Creative vision – nobody said it was easy.
Indeed, if you’re a budding designer trying to get words on a page, paint on a canvas, film on a screen or code for a webpage, the craft isn’t an issue once you’ve started. It’s that sliver of inspiration that causes hair-pulling, scream-inducing stress.
That’s why we’ve come up with a few methods to help get those synapses firing. Everyone needs a jumpstart sometimes – so make yours count.
What makes great art? It’s a question that’s remained unanswered for aeons, and will remain so in this humble article. But there is one undefinable component inherent in its creation – the communication of reality to your audience.
And there’s no better way to observe the day-to-day comings and goings of reality than with a secret camera. Hidden cameras can be secreted almost anywhere, allowing you to view life’s intricacies without interference.
In the film world this is known as CinémaVérité, in which the participants of a movie don’t even realise they are being recorded. There’s no better way to see people completely unselfconscious than when they don’t know they’re being watched. Who knows what inspiration it could conjure?
Let the Stream Flow
Writing surreal, weird nonsense like magical elf flap or door handle cheese grating man might seem like an exercise in pointlessness, but it’s actually a perfectly valid way to come up with new ideas.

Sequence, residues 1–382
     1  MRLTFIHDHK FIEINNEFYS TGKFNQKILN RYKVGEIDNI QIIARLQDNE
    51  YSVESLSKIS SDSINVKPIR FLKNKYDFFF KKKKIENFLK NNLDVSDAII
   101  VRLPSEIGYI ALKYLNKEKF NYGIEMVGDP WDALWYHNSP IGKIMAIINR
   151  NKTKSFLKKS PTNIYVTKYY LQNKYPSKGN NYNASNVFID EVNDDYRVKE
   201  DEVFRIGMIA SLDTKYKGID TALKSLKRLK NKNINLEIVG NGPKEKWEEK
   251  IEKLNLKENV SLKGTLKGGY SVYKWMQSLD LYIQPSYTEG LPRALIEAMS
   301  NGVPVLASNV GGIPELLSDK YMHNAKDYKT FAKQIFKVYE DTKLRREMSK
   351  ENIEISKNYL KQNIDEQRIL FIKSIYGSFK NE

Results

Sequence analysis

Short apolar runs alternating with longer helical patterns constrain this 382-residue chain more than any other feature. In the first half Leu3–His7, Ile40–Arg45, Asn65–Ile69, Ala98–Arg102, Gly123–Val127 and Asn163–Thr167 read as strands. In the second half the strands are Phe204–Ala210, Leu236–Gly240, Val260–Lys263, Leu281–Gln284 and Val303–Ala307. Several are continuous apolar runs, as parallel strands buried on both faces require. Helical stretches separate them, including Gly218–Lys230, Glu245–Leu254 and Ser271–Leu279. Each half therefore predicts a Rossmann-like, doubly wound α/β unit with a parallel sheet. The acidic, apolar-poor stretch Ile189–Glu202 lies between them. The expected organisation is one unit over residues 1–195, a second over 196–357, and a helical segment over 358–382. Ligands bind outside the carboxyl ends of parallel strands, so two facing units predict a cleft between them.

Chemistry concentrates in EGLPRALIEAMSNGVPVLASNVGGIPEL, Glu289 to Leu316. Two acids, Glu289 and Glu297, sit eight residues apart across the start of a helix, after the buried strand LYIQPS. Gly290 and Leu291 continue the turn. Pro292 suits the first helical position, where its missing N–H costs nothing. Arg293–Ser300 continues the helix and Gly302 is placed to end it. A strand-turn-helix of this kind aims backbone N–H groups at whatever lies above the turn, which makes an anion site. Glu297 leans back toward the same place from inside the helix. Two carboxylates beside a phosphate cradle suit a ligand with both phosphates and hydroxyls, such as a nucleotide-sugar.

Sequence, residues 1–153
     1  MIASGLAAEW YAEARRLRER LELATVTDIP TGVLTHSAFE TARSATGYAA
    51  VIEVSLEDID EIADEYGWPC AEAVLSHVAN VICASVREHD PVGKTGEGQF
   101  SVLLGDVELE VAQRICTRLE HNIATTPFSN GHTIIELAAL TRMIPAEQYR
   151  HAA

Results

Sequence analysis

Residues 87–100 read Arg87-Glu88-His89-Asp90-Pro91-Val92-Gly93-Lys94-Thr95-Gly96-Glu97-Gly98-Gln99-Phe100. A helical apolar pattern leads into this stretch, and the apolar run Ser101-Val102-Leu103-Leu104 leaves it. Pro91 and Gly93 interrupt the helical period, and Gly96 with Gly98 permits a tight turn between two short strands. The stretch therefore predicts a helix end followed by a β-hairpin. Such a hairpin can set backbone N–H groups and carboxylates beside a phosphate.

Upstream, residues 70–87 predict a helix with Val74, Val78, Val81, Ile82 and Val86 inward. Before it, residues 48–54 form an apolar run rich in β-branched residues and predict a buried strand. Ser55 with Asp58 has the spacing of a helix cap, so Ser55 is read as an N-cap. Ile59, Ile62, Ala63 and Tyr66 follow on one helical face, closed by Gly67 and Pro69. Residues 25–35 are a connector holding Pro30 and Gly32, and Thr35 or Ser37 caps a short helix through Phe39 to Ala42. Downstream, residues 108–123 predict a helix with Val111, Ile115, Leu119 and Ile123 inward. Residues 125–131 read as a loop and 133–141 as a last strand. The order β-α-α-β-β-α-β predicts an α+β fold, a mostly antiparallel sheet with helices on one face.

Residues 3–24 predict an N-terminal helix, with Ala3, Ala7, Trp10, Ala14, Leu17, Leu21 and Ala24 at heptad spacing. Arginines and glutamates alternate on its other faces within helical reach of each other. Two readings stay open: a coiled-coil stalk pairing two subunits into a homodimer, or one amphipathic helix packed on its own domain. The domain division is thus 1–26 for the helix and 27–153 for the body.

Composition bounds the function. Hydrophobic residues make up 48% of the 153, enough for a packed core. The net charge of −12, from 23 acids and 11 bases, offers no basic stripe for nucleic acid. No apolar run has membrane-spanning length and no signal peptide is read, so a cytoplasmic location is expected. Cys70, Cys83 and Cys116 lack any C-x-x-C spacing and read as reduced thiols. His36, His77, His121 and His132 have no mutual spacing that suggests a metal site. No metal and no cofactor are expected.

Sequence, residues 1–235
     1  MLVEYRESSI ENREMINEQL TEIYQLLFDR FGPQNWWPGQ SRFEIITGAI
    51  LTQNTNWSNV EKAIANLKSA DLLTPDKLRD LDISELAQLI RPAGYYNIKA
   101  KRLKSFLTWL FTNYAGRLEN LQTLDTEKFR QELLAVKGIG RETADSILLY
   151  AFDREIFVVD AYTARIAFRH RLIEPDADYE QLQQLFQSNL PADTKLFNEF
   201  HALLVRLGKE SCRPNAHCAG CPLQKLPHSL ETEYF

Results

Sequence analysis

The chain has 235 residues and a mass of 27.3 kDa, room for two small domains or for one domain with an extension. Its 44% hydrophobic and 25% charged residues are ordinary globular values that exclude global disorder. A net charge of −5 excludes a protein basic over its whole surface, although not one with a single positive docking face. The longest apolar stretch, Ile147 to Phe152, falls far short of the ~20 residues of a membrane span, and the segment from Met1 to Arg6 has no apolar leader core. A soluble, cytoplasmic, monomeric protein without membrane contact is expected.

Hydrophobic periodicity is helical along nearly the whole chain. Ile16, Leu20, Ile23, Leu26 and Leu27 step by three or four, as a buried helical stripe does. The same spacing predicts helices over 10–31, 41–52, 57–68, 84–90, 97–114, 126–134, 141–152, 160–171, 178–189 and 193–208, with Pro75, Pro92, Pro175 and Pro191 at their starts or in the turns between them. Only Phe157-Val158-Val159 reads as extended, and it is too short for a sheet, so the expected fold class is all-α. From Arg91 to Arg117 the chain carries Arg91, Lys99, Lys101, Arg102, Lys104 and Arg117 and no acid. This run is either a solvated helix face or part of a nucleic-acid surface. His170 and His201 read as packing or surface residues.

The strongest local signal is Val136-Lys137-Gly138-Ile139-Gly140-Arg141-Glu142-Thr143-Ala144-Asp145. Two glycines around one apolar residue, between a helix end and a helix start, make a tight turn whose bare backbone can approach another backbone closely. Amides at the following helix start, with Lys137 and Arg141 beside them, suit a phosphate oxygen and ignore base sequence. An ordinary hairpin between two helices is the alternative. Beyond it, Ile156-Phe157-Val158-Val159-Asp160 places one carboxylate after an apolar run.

Known as stream of consciousness thinking, it posits the idea that a constant flurry of words and thought patterns will eventually hit upon a gem that you can use at a later date.
Interestingly, this useful way of gathering ideas stemmed from the idea of automatic writing, in which the writers believed they were channelling the spiritual plain. So see if you can reach out to the dearly departed designers of bygone eras and nab a few ideas from them.
Fight the Fear
Creation is terrifying. When you’ve got an idea in your head, you can let it tantalise you, imagine the sprawling success your creation could lead to. Then comes the actual act of making – and it’s never as good as you imagine it.
Making stuff is inevitably disappointing. It probably happened to the greatest artists to have lived. As people stared awestruck at the ceiling of the Sistine Chapel, Michelangelo was probably convinced it was a bit half-baked. Such is the human condition.
The trick is to avoid that stomach-churning worry and fear. The free mind rolls with ideas far more when it stops caring about failure. Look at the creative process as failing upwards – you learn from your mistakes and improve.
Design is never always a winners game, and nor should it be. Without risk, where’s the element of fun?